From the moment the first motion picture camera was invented, there has been nudity in the movies. Even in the earliest days of this new art form, filmmakers delighted in exploring the human body and audiences were riveted by scenes of nudity on the screen. This comprehensive and fascinating new documentary begins with the silent era and continues through the present day, looking at changes in morality and sensibilities while examining the political, sociological, and artistic changes that shaped this rich history. 

Skin: A History of Nudity in the Movies also delves into the gender bias surrounding nudity in motion pictures. It looks at the surprisingly relaxed attitude towards nudity in pre-code Hollywood, the period of censorship that was designed to “clean up” the industry, and how the powerful MPAA ratings system was formed to help the industry police itself (and avoid outside intervention). The documentary also addresses the impact of the more recent #metoo movement on nude scenes in movies today. I spoke with Danny Wolf, the director of this fascinating doc, and Jim McBride, the co-executive producer who, as “Mr. Skin,” has run a website for the past 21 years that documents nudity in the movies.

Danny Miller: As far as I’m concerned, this is the perfect film for the pandemic — who wouldn’t be interested in this topic? Being a classic movie lover, I really enjoyed the material about the early days of the movies before censorship really took hold. I think this film might cause a wild increase in sales for Cecil B. DeMille’s The Sign of the Cross from 1932 starring Fredric March, Claudette Colbert, and Fredric March. Wow, who knew? I never dreamed there would be that much nudity in a DeMille film from a major studio! 

Danny Wolf (with Eric Roberts)

Danny Wolf: That was the best part about making this film — researching those movies from the twenties and thirties. I hadn’t seen most of them so I had a lot of catching up to do, from the earliest ones up through the infamous Caligula and beyond. I learned so much. I especially hadn’t realized the extent of nudity in the movies in those early days. I love all those pre-Code movies. I still haven’t been able to find the complete version of The Sign of the Cross but that’s on my list!

Jim, I know you’ve been following this topic for many years on your website. Did you have a big hand in the organization of the film into distinct eras? 

Jim McBride

Jim McBride: Yes, in my role as one of the executive producers, I definitely had some input. My website just had its 21stanniversary, I can’t believe I’ve been working in this field for that long, so I do have a pretty good background on the subject. Of course, what I do on my site and what this film is about are really two completely different things. The hardest thing was to narrow it down to a two-hour documentary. We had to decide on the pivotal moments in the history of nudity in the movies. It took a team approach, with me, our other Executive Producer, Paul Fishbein, and our director, Danny. We’re all film buffs and I hope that will come across to everyone who watches this documentary — we really love movies.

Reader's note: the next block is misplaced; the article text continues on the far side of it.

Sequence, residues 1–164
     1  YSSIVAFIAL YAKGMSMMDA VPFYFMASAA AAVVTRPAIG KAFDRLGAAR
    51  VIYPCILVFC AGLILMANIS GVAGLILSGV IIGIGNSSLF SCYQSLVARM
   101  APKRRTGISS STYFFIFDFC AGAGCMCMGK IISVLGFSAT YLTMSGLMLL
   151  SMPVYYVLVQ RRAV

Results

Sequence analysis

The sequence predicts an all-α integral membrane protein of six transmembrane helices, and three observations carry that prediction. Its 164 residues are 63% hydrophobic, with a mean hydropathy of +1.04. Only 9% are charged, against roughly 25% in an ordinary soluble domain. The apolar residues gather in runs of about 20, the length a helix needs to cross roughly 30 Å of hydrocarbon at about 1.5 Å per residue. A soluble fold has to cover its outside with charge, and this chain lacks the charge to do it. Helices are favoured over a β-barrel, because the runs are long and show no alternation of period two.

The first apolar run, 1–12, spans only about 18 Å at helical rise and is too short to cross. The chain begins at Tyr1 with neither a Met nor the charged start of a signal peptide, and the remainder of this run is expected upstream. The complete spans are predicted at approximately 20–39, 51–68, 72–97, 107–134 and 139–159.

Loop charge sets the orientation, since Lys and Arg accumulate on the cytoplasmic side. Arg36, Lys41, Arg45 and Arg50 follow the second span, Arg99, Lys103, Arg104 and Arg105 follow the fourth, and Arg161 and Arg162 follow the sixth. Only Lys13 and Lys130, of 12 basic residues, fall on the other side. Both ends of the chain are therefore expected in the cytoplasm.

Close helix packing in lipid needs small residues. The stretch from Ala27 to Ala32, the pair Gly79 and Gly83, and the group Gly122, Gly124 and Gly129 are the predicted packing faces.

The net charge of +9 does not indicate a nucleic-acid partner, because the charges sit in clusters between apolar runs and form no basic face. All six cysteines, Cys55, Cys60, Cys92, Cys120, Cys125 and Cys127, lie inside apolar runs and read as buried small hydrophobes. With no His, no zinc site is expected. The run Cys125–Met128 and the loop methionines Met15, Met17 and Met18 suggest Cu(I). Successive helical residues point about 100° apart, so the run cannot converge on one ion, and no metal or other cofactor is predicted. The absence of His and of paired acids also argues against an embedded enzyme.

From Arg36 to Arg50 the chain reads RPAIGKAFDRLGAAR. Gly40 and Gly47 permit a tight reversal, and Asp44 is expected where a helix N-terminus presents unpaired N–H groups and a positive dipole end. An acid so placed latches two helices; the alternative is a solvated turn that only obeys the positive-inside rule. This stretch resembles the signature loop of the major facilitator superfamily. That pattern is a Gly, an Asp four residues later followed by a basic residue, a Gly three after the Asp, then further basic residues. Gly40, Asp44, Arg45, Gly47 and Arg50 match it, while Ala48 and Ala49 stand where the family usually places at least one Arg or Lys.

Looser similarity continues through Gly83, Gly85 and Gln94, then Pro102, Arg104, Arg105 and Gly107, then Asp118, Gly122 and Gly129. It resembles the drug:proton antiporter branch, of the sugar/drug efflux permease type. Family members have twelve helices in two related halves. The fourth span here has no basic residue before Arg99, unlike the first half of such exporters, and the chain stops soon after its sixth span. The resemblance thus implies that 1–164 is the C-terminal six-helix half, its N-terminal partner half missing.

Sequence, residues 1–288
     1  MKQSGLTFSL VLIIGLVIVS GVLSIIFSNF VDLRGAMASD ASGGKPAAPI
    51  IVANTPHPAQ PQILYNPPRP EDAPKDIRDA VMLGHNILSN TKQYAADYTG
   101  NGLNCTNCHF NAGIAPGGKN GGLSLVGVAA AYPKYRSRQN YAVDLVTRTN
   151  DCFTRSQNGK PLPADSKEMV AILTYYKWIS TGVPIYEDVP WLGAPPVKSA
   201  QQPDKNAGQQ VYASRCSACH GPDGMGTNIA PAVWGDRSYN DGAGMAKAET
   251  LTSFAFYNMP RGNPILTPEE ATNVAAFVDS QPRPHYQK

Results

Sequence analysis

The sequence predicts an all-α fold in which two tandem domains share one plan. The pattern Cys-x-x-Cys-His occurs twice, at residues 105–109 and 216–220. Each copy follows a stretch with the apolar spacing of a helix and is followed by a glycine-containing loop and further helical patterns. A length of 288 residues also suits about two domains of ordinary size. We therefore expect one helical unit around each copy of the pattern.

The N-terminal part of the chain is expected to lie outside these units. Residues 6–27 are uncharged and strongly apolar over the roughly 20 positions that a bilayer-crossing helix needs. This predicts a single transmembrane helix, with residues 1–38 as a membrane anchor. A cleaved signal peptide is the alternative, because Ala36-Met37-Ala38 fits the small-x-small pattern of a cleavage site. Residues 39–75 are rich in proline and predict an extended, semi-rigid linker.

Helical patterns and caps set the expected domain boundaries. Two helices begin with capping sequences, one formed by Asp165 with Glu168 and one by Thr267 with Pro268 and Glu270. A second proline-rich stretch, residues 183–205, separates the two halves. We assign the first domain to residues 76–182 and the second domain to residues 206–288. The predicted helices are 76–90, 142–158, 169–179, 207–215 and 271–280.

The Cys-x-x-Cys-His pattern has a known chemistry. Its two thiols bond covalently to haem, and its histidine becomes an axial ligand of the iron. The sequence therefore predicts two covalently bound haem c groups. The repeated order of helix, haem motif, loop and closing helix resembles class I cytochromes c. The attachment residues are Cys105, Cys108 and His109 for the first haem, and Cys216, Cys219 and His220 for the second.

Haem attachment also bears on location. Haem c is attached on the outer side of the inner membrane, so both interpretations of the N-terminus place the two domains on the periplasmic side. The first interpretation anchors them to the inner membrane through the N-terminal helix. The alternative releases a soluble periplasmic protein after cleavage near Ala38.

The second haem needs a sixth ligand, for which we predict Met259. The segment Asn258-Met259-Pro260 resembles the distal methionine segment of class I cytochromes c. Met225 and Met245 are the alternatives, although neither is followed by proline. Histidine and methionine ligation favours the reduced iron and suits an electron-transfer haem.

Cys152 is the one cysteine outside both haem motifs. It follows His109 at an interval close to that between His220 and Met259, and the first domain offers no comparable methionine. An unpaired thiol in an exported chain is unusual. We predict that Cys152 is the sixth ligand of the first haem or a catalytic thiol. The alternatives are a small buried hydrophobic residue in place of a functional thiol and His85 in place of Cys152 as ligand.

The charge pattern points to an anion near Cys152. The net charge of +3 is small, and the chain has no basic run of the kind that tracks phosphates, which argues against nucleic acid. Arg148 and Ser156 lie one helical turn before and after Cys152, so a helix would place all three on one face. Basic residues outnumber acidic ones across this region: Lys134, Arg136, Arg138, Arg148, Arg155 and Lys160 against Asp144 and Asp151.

Mariel Hemingway

I think the film is very well organized and the mix of interview subjects is just fantastic. I loved seeing the range of people you talked to, from some who were mostly known for appearing nude in the movies to directors like Peter Bogdanovich, Amy Heckerling, Kevin Smith, and Martha Coolidge and stars like Malcolm McDowell, Pam Grier, Eric Roberts, and Sean Young, among others. To be honest, I was surprised to see some of them, like Mariel Hemingway, who’s such a delight in the film. I didn’t think she’d be that open to talking about this topic. 

Danny Wolf: We were so happy to have her because she was in two important films that are discussed: Personal Best and Star 80, and of course, she had quite a different look in both films. She even talked about the whole issue that was so big at the time about whether she got breast augmentations just to play Dorothy Stratten in Star 80. Mariel and Eric Roberts both talk about that.

Another surprise was hearing from Ken Davitian about his experience in Borat.

We were very happy to have him discussing his crazy scene from that film. Nudity in movies was never limited to just women or to people with a certain body type. 

Malcom McDowell must have been a blast to talk to. I could listen to his stories about moviemaking all day long. 

That was the most fun interview you can ever do. He’s such a great storyteller and you just hang onto every word he says. I interviewed him about Clockwork Orange for another documentary I did but hearing his firsthand stories about Caligula was just great. There could be a whole documentary just on that one film, that’s how much lore there is about it!

Malcolm McDowell and Helen Mirren in Caligula